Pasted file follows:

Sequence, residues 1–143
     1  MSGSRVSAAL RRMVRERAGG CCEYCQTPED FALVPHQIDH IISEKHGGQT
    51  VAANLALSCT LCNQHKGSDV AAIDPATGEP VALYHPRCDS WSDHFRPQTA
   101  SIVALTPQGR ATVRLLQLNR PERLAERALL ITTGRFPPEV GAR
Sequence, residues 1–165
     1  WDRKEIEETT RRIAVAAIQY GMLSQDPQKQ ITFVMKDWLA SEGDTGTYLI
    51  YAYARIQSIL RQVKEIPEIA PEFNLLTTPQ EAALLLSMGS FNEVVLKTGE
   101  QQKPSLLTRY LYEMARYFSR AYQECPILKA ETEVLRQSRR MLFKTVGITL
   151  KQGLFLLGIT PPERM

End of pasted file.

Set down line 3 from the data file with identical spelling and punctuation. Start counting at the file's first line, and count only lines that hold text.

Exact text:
    51  VAANLALSCT LCNQHKGSDV AAIDPATGEP VALYHPRCDS WSDHFRPQTA